Most Reverend Terence Finlay, Anglican archbishop of Toronto and Metropolitan of the ecclesiastical province of Ontario, some years back stopped to talk to a sex worker on a downtown street.
After a moment’s conversation, she said, “Love the colour of your shirt” – gesturing to the archbishop’s purple episcopal shirtfront. “Where can I get one like that?” The archbishop promptly gave directions to the nearby Anglican Book Centre and said, “Tell them Terry sent you.”
Prior to his election in 1989 as Toronto’s 10th bishop – which surprised him – the diocese had a reputation even by Anglican standards as conservative, uptight and strait-laced. But at his installation, helium balloons were set loose in the cathedral, and that same year, when Anglicans assembled in Toronto’s 50,000-seat SkyDome – now known as the Rogers Centre – to mark the 150th anniversary of the diocese, there were church-goers waving placards reading “Yay Terry!”
The members of Canadian Anglicanism’s largest diocese had acquired a bishop who loved to party, loved to dance – he and his wife were great at rock ’n’ roll – loved movies, who faced life with exuberance and joy, and would greet his daughters at Toronto’s Union Station when they returned home from university by playing the trumpet.
“He couldn’t play the trumpet,” his daughter Rebecca Finlay said.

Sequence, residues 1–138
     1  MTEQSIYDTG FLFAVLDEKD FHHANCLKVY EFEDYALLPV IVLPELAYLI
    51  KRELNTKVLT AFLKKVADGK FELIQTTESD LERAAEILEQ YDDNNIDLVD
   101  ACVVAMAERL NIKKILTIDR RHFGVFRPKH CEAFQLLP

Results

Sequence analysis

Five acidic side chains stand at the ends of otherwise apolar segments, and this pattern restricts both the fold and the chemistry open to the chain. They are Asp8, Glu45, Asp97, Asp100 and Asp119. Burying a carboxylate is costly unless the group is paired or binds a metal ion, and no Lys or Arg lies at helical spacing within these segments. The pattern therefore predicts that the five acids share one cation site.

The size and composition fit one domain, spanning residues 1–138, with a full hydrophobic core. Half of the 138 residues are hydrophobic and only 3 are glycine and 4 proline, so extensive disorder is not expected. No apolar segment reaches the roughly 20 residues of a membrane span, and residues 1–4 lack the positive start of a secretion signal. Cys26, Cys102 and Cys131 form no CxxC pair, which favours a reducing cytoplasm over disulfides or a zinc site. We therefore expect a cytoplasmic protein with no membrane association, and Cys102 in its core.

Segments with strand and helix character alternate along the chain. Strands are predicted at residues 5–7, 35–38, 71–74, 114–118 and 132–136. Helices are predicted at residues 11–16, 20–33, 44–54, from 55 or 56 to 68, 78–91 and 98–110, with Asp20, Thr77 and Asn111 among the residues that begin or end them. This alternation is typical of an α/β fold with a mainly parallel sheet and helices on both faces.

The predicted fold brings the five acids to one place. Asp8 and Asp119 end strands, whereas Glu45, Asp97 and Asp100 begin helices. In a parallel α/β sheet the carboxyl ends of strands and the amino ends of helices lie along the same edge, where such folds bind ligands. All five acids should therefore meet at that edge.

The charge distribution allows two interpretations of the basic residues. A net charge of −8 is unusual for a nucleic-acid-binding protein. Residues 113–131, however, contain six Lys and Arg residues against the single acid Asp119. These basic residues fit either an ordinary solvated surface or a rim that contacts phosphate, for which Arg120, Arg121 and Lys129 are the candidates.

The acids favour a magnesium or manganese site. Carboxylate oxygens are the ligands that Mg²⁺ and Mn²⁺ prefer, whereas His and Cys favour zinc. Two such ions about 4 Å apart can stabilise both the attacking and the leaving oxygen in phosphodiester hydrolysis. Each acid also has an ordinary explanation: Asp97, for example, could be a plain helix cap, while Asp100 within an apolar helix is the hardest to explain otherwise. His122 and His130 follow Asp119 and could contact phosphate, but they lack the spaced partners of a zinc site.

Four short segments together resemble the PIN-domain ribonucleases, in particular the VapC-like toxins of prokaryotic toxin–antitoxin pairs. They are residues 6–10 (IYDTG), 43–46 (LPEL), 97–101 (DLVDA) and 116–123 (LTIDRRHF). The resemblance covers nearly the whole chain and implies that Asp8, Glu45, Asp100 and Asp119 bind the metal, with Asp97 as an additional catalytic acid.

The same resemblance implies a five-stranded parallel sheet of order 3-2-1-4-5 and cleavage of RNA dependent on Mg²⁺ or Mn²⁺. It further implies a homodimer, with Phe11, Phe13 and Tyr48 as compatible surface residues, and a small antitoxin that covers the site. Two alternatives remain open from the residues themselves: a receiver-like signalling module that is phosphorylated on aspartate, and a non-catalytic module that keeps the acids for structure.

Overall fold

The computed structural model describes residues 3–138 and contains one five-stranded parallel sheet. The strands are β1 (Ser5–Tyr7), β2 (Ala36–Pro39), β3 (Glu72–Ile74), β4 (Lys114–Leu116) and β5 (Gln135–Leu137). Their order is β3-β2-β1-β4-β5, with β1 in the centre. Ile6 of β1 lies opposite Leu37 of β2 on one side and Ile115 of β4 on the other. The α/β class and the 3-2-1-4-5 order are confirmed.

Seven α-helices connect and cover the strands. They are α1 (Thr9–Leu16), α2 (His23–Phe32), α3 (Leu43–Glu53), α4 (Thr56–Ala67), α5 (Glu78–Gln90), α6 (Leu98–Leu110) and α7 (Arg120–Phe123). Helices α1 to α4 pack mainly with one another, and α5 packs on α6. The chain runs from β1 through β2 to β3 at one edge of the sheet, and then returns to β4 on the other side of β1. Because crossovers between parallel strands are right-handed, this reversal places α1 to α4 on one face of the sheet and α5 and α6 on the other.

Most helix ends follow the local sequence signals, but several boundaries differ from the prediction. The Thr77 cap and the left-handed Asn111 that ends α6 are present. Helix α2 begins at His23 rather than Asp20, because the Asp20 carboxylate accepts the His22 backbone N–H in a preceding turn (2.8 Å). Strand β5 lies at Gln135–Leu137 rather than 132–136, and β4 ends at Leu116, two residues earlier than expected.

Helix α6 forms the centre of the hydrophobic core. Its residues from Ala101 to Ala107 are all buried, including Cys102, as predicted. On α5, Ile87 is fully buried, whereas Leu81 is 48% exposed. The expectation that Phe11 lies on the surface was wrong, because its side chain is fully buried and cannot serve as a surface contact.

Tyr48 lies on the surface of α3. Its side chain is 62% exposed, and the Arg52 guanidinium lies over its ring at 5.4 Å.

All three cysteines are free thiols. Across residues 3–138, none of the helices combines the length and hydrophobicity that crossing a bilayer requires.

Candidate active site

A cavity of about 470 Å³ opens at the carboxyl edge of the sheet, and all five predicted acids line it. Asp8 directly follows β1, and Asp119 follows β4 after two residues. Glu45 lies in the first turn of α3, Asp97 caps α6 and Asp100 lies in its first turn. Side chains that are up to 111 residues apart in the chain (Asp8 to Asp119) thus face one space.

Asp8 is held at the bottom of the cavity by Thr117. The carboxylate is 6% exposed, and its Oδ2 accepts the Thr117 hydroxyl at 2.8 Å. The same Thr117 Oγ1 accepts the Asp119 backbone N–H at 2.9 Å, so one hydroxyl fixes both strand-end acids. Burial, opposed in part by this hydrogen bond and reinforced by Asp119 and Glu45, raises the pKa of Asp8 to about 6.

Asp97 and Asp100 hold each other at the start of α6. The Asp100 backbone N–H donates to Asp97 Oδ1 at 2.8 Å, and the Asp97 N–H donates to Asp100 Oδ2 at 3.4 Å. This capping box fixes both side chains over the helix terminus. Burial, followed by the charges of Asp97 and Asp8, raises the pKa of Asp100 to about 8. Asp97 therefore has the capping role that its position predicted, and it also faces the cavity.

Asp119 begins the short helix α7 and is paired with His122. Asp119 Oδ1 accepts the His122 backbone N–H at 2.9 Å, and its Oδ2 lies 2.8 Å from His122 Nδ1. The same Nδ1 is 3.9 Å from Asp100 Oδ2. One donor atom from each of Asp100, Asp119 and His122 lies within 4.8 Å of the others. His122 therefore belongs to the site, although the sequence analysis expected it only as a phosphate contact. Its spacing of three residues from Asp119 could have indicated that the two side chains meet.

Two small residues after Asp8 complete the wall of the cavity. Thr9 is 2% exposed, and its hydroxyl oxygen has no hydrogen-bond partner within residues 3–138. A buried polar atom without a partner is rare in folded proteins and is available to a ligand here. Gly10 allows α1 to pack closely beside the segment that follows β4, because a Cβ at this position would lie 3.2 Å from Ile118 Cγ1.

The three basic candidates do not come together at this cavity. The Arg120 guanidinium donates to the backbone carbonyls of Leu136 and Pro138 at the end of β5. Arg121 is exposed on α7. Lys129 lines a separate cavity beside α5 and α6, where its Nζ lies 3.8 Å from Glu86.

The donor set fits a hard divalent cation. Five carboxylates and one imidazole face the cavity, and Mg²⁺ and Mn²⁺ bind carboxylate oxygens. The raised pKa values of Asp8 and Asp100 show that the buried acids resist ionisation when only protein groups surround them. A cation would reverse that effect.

Rev. Cheryl Palmer, one of several diocesan priests he mentored throughout his career, said: “Terry broke the mould of the stuffy, formal bishop. He gave the same face [of the church to the public] as he did to the rest of us: that the church was an approachable place to be. He was present in the city, and therefore people who had nothing to do with church knew who Terry Finlay was.”
Archbishop Finlay, who retired from the church’s senior Ontario position in 2004 but remained pivotally active in national and global Anglicanism, died of cancer in Toronto on March 20. He was 79.
His funeral, held in Toronto’s Cathedral Church of St. James on March 25, was attended by nearly 1,000 people. Among the honorary pallbearers were Ontario Premier Kathleen Wynne and former governor-general Adrienne Clarkson, as well as Hugh Segal and John Fraser, present and past masters respectively of Massey College, where Archbishop Finlay was a senior fellow and deeply engaged in college life.